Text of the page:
Carbon Tax Canada: While Canada plans a greener future, its economy and people are plunging into darker times. Surely enough, the government seems to be pushing the limits of its “green goals” which ultimately is giving pain to the people of Canada.
Indeed our world is sinking because of climate change but what’s dropping more are the Canadian government’s tactics to extract money from average Canadian households where a day without a new green policy is surprising. This time the “not so friendly” surprise comes in the form of a possible carbon tax that the government can impose.
According to the Canadian Taxpayers Federation (CTF), even after rebates are distributed, the typical Canadian family can anticipate paying up to $847 in carbon taxes. “The Parliamentary Budget Officer (PBO) shows politicians are using magic math to sell their carbon tax,” said CTF federal director Franco Terrazzano. The government of Prime Minister Justin Trudeau has insisted that the federal carbon levy was a net financial benefit to Canadians, despite the findings of the PBO. The Conservatives have urged the federal government to eliminate the carbon tax, citing the impending recession and the rising cost of living.
On March 25, the Supreme Court of Canada upheld the Trudeau government’s 2019 implementation of the Greenhouse Gas Pollution Pricing Act in an effort to slow climate change. In an effort to reduce emissions by at least 30% below 2005 levels by 2030, this act implements a carbon tax that places a price on carbon.
Now, how does this impact the average Canadian?
Carbon taxes have the potential to harm families with lower incomes when implemented on their own. Compared to households with higher incomes, these ones typically spend a higher proportion of their income on high-emission activities like heating their homes and traveling. It has been suggested that people with more money may not be able to effectively reduce their use of fossil fuels because they can afford to pay more. Carbon taxes have been criticized as a plan that continues to be run for profit.
The carbon tax was contested by the governments of Saskatchewan, Alberta, and Ontario, in addition to a few other political bodies. They challenged the federal government’s authority over carbon pricing in separate lawsuits. All of their arguments revolved around the assertion that the division of power between the federal and provincial governments was unconstitutional and that the province should decide whether or not to impose a carbon tax because natural resources are a provincial issue.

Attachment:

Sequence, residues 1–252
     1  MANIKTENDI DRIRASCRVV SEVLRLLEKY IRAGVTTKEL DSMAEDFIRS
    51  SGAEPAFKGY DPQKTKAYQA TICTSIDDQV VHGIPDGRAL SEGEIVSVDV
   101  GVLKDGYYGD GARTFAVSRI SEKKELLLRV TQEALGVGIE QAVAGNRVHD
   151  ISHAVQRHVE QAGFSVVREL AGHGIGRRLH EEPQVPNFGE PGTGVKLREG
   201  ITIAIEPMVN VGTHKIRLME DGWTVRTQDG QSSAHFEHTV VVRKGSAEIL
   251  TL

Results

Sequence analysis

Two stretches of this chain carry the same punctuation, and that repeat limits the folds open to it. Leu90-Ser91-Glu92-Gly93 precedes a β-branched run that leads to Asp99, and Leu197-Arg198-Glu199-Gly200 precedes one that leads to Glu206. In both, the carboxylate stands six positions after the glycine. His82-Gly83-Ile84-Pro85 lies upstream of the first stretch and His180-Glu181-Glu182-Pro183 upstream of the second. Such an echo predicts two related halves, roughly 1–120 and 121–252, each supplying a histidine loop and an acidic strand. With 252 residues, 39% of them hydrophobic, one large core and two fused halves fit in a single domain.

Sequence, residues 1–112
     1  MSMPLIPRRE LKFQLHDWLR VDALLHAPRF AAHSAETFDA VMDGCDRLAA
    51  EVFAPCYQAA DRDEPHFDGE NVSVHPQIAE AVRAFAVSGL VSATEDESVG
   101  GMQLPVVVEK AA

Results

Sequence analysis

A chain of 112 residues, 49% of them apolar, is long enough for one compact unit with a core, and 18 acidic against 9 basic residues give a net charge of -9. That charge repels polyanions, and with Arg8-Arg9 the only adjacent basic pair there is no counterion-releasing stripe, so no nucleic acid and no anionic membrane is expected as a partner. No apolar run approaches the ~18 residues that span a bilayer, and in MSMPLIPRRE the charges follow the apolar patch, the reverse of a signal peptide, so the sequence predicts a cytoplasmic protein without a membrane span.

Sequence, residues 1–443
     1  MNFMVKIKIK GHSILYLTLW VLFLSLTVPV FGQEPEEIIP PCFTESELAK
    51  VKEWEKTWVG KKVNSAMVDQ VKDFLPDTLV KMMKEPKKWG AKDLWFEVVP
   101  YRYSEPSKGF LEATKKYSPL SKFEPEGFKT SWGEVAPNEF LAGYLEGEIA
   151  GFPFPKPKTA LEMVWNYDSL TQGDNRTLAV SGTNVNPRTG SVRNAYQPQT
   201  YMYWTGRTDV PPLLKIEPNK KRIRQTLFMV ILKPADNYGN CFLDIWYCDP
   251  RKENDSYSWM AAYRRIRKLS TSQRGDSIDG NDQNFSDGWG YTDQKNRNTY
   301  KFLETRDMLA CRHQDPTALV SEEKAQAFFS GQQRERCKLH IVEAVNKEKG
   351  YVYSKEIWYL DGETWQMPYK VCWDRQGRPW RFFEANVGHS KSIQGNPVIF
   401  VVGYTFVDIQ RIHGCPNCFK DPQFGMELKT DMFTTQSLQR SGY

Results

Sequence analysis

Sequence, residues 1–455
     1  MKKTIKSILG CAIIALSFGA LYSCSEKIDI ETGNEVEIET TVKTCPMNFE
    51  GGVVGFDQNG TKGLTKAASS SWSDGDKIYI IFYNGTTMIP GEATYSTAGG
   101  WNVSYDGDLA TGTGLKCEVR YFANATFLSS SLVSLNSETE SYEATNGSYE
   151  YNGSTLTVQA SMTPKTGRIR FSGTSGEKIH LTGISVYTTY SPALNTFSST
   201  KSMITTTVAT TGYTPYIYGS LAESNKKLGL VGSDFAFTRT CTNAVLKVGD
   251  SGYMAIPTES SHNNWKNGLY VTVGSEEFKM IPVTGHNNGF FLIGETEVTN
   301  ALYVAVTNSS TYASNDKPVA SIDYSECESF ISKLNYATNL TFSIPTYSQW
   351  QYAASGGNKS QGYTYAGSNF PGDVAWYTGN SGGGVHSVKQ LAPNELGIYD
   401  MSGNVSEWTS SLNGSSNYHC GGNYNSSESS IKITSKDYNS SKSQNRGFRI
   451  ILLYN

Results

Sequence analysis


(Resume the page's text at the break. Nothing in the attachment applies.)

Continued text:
The burden of higher energy costs on households may be a disadvantage of carbon pricing, particularly for lower-income families who spend a greater proportion of their income on energy. The impact of carbon pricing on industrial competitiveness is another concern, particularly for energy-intensive businesses competing in global markets like chemicals and metals. A model for how this approach could be utilized globally is provided by Canada’s experience, where governments have the flexibility to meet higher-level carbon pricing requirements.
The possible implementation of further carbon taxes can be dangerous for the public and the economy. While the world eyes Canada as a prototype of the tax’s effective implementation, the real responsibility falls on the liberal government and the greater risk on the citizens.
If the system of the Carbon tax in Canada continues to be implemented senselessly, it needs to take care of the disposable income of the people first.
If things don’t get under control, the more Carbon Tax is used to achieve climate goals, the more detrimental it will be to the Canadian economy. Canada sits on a time-ticking bomb ignited by the liberal government’s aggressive green agenda.